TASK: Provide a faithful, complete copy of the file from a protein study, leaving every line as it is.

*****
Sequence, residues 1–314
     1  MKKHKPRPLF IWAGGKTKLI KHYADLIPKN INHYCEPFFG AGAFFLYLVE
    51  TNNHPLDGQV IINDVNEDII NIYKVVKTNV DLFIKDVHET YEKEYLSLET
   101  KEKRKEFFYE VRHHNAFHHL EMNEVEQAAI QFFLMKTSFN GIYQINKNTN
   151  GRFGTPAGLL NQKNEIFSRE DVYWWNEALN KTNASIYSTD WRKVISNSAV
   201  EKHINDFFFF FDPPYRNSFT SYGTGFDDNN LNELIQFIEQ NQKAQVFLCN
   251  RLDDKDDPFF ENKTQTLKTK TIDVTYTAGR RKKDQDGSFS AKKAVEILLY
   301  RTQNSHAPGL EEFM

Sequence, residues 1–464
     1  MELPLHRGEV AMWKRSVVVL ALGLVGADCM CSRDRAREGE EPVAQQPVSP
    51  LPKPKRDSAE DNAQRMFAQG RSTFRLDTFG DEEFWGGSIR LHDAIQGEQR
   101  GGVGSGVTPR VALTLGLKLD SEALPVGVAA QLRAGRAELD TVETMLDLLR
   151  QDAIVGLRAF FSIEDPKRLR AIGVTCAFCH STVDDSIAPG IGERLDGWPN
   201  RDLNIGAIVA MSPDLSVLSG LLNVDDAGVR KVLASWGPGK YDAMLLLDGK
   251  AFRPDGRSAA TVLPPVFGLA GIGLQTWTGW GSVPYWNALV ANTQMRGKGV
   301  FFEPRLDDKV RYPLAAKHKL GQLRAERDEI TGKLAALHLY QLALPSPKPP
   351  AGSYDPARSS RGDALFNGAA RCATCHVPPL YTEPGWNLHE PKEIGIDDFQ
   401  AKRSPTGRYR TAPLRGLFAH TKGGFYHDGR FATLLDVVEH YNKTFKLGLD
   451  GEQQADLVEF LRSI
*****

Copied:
Sequence, residues 1–314
     1  MKKHKPRPLF IWAGGKTKLI KHYADLIPKN INHYCEPFFG AGAFFLYLVE
    51  TNNHPLDGQV IINDVNEDII NIYKVVKTNV DLFIKDVHET YEKEYLSLET
   101  KEKRKEFFYE VRHHNAFHHL EMNEVEQAAI QFFLMKTSFN GIYQINKNTN
   151  GRFGTPAGLL NQKNEIFSRE DVYWWNEALN KTNASIYSTD WRKVISNSAV
   201  EKHINDFFFF FDPPYRNSFT SYGTGFDDNN LNELIQFIEQ NQKAQVFLCN
   251  RLDDKDDPFF ENKTQTLKTK TIDVTYTAGR RKKDQDGSFS AKKAVEILLY
   301  RTQNSHAPGL EEFM

Sequence, residues 1–464
     1  MELPLHRGEV AMWKRSVVVL ALGLVGADCM CSRDRAREGE EPVAQQPVSP
    51  LPKPKRDSAE DNAQRMFAQG RSTFRLDTFG DEEFWGGSIR LHDAIQGEQR
   101  GGVGSGVTPR VALTLGLKLD SEALPVGVAA QLRAGRAELD TVETMLDLLR
   151  QDAIVGLRAF FSIEDPKRLR AIGVTCAFCH STVDDSIAPG IGERLDGWPN
   201  RDLNIGAIVA MSPDLSVLSG LLNVDDAGVR KVLASWGPGK YDAMLLLDGK
   251  AFRPDGRSAA TVLPPVFGLA GIGLQTWTGW GSVPYWNALV ANTQMRGKGV
   301  FFEPRLDDKV RYPLAAKHKL GQLRAERDEI TGKLAALHLY QLALPSPKPP
   351  AGSYDPARSS RGDALFNGAA RCATCHVPPL YTEPGWNLHE PKEIGIDDFQ
   401  AKRSPTGRYR TAPLRGLFAH TKGGFYHDGR FATLLDVVEH YNKTFKLGLD
   451  GEQQADLVEF LRSI